In the Catcher in the Rye by J. D. Salinger, Holden Caulfield goes to spend the night at the house of his previous English teacher, Mr. Antolini. Holden, despite his exhaustion, stays up to have a small discussion with Mr. Antolini out of politeness. Mr. Antolini shares his concern for Holden’s future with him, and in doing so quotes the words of Wilhelm Stekel.
“Here’s what he said: ‘The mark of the immature man is that he wants to die nobly for a cause, while the mark of the mature man is that he wants to live humbly for one.'” (pp. 107-108)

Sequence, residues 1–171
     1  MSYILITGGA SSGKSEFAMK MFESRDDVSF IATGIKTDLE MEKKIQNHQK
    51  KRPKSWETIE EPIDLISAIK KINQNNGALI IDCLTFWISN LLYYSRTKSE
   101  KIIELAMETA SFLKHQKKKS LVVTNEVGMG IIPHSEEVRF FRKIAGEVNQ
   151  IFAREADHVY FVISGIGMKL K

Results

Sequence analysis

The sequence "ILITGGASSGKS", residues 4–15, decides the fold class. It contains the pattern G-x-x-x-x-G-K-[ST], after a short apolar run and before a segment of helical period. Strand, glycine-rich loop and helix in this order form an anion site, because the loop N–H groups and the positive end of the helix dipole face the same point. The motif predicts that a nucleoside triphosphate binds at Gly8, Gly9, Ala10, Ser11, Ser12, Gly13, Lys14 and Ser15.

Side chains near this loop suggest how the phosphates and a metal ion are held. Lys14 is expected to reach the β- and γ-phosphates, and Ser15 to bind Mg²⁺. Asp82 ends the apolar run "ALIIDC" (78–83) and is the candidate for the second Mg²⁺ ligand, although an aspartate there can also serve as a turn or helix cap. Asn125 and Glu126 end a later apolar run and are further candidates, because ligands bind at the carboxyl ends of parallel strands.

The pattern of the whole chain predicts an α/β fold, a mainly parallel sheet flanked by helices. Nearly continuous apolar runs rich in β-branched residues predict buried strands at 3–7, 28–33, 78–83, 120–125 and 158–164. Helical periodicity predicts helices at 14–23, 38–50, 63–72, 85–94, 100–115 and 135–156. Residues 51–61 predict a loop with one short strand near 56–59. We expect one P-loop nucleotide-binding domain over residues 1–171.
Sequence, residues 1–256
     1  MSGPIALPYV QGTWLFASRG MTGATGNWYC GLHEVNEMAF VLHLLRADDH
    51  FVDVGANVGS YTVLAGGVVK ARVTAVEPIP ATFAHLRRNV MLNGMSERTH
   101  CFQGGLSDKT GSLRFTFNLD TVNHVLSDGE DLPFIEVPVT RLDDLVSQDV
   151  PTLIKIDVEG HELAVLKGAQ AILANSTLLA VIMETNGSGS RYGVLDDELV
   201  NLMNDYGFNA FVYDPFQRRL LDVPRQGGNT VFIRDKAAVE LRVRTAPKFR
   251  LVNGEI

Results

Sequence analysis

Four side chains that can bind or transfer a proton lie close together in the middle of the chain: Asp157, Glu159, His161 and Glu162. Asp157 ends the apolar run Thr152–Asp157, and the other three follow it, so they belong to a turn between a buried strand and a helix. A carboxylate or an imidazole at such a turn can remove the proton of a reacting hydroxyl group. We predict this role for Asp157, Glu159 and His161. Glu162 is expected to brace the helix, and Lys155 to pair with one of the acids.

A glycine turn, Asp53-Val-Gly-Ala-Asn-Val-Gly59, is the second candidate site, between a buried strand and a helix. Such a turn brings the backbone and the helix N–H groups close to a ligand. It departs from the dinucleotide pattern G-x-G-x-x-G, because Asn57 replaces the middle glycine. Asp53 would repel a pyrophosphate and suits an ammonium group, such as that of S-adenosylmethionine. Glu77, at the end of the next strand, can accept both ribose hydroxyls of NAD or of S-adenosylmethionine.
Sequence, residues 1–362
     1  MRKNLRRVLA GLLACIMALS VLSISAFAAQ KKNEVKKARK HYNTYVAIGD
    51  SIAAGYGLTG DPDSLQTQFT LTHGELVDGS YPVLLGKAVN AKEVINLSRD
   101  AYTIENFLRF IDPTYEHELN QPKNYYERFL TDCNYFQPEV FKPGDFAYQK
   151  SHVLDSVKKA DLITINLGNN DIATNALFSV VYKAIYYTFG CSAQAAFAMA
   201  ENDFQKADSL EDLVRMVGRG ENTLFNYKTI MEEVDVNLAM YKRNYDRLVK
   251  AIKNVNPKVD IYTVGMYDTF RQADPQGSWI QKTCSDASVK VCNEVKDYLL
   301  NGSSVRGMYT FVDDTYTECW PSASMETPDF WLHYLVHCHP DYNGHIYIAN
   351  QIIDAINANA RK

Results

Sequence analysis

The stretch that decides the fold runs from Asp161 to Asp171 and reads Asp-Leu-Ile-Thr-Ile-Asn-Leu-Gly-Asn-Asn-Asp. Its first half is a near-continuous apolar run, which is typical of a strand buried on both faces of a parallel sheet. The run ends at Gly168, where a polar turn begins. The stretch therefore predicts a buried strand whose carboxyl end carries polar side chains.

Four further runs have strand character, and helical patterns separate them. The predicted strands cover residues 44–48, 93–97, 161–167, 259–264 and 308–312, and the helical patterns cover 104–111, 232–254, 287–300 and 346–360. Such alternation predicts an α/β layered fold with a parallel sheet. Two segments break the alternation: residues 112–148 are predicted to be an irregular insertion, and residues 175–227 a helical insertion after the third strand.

When reading this, I was reminded of one of the concepts brought up in Romeo and Juliet, the other text I am currently reading. In Romeo and Juliet, the two lovers take their own lives for one another– or, in other words, die “nobly” for the cause of love. I, however, believe that this act was much more of an immature impulsion brought about by the excitement of young infatuation. Thus, when I read this quotation, I immediately thought of it in the context of Shakespeare’s play. To the extent of my memory, this was the first time in the Catcher in the Rye that something said actually sparked any kind of new and interesting consideration in me. However, as it was a quotation taken from somewhere else, not too much credit can be given to the book itself. Stekel summarized my thoughts on Romeo and Juliet in a very succinct and appropriate way, and thus gave me a clearer understanding of the underlying idea behind how I felt about the actions of Romeo and Juliet. I appreciated this, and am now at least able to say that the Catcher in the Rye gave me some, if rather indirect, new insight into life.